September 16, 2011

What was in the news on Sept. 15, 1961? A plea from the pope to negotiate for peace, and religion in the German election

By Brandon A. Evans

50 Year LogoThis week, we continue to examine what was going on in the Church and the world 50 years ago as seen through the pages of The Criterion, which is celebrating its 50th anniversary.

Here are some of the items found in the September 15, 1961, issue of The Criterion:

  • Negotiate for peace, Pope asks world leaders
  • Five named New Delhi observers
    • “VATICAN CITY—For the first time in history, the Church will send official observers to a meeting of the non-Catholic World Council of Churches. Five Catholics have been named to attend the New Delhi, India, general assembly of the council November 18 to December 6. They were picked by the Vatican’s Preparatory Secretariat for Promoting Christian Unity. A U.S. priest and a Dutch layman are included.”
  • Sacred Heart landmark: Razing of old convent stirs fond memories
  • Bishop insists on union labor
  • Religion in the German election
  • Letter of German bishops cautions Catholic voters
  • Cubans ‘starving’ in body and spirit, priest reports
  • The trouble with Social Security
  • The beauty of Social Security
  • Ban nuclear tests now, Rome urges
  • Says coexistence peril seen in Cuba
  • Urges sermons on temperance
  • English-speaking priests score in Peru experiment
  • CYO grid jamboree set Sunday: Expect more than 6,000 attendance
  • Reads 11,000 words a minute
  • More New Jersey schools make use of tape recordings
    • “Elizabeth, N.J.—More and more students in the North Jersey area are getting some of their training in the sciences from tape-recorded lessons, according to boosters of the technique. The Catholic Round Table of Science … is one of the pioneers in taped instruction. Only two other taping centers for Catholic instruction are said to exist.”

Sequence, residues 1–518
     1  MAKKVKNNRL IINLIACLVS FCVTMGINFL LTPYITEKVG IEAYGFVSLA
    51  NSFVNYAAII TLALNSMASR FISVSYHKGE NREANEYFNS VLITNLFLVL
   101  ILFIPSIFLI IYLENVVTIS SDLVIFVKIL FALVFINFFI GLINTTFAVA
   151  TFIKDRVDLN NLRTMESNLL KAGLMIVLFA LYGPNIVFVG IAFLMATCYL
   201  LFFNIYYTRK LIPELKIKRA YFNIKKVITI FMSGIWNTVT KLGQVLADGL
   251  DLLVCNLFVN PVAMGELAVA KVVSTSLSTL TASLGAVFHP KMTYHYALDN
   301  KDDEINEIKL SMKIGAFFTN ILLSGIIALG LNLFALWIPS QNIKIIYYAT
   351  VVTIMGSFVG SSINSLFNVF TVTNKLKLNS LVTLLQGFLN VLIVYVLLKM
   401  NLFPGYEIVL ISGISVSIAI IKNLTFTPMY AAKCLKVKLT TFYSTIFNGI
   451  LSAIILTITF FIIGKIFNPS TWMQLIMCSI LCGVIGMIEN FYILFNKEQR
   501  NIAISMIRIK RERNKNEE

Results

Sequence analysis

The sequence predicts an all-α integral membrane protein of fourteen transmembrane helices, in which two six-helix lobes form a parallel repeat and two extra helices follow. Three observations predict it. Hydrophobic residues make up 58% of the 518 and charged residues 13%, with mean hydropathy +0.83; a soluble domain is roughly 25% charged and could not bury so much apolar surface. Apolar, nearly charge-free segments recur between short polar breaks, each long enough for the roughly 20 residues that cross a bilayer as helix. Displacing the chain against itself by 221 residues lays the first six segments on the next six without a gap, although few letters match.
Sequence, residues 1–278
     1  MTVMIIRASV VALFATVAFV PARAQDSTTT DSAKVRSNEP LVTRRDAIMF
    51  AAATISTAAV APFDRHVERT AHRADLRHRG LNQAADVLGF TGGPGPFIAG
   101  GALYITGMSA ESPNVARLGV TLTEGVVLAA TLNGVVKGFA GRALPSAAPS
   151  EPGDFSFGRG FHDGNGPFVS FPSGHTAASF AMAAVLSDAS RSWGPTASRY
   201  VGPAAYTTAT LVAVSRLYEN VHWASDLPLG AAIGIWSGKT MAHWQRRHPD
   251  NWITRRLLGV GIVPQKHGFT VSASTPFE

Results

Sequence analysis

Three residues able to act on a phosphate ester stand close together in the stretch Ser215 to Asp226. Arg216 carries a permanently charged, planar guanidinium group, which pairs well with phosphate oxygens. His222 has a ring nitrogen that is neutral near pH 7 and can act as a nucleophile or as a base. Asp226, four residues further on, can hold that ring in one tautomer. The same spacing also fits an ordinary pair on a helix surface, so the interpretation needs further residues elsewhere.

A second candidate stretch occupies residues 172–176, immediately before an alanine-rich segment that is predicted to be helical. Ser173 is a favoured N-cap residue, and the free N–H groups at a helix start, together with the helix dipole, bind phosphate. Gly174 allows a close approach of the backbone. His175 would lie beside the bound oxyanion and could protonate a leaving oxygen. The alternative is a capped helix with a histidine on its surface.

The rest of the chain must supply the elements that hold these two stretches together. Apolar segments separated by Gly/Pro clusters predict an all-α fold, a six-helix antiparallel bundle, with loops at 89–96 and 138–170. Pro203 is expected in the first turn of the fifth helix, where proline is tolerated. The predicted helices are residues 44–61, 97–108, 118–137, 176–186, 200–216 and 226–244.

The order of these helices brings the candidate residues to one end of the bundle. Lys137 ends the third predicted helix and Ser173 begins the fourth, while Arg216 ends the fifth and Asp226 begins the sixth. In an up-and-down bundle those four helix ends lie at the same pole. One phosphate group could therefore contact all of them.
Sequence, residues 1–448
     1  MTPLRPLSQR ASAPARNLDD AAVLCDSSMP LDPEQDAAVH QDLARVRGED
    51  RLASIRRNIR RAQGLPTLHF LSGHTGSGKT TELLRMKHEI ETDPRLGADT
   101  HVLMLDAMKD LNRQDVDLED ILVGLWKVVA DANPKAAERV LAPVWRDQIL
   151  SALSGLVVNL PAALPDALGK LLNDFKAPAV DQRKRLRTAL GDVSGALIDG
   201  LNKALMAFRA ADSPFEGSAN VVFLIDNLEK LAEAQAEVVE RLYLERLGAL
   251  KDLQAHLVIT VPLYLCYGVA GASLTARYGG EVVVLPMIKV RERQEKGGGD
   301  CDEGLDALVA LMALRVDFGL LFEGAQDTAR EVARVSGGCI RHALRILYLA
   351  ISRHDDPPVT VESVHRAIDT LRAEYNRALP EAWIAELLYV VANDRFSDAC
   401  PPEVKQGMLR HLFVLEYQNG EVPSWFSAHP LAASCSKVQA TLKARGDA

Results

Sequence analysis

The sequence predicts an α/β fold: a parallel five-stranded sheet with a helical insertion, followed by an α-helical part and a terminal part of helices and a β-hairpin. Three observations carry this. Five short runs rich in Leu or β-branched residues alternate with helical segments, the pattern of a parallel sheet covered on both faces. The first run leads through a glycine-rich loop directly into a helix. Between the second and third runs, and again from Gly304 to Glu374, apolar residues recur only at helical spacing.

• Polish clergy meet in unity session
  • Books of the hour: Population explosion
  • Pontiff stresses duty of women to society
  • Movie industry plans smut drive
  • One killed, five wounded by Castro’s militiamen
  • Lauds Catholic progress in interracial justice
  • School to have bomb shelter
  • Americans give church, school to Bolivia parish
  • Citizens’ group urges seminars on federal aid
  • U.S. priest named British auxiliary
  • ‘Painfully ironic’: Scores indifference to educational TV
    • “‘Painfully ironic’ is what Bishop James A. McNulty of Paterson, N.J., called it. Thus he described the prospect that, if enrollment and financial pressures should force a cutback in the Catholic school effort, public schools might handle the influx of new students by using the very tool which could have saved the Catholic schools in the first place—educational television.”
  • Recalls early struggle for racial justice
  • Personal responsibility to be stressed at N.D.
  • Asks equal status for all at Council

(Read all of these stories from our September 15, 1961, issue by logging on to our special archives.)

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